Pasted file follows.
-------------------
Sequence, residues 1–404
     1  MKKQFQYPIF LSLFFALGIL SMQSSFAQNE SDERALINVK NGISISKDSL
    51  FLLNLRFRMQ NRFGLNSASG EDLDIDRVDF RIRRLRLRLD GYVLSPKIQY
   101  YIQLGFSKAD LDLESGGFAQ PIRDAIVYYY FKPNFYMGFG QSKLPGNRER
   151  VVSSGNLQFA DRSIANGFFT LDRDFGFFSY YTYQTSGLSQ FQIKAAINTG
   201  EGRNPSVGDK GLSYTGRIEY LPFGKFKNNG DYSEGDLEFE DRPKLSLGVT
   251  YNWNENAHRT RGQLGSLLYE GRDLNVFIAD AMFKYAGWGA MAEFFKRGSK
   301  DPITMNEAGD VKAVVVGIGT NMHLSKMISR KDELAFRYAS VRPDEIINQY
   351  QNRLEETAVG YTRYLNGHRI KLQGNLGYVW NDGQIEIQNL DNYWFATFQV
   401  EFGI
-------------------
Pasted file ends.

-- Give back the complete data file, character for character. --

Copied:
Sequence, residues 1–404
     1  MKKQFQYPIF LSLFFALGIL SMQSSFAQNE SDERALINVK NGISISKDSL
    51  FLLNLRFRMQ NRFGLNSASG EDLDIDRVDF RIRRLRLRLD GYVLSPKIQY
   101  YIQLGFSKAD LDLESGGFAQ PIRDAIVYYY FKPNFYMGFG QSKLPGNRER
   151  VVSSGNLQFA DRSIANGFFT LDRDFGFFSY YTYQTSGLSQ FQIKAAINTG
   201  EGRNPSVGDK GLSYTGRIEY LPFGKFKNNG DYSEGDLEFE DRPKLSLGVT
   251  YNWNENAHRT RGQLGSLLYE GRDLNVFIAD AMFKYAGWGA MAEFFKRGSK
   301  DPITMNEAGD VKAVVVGIGT NMHLSKMISR KDELAFRYAS VRPDEIINQY
   351  QNRLEETAVG YTRYLNGHRI KLQGNLGYVW NDGQIEIQNL DNYWFATFQV
   401  EFGI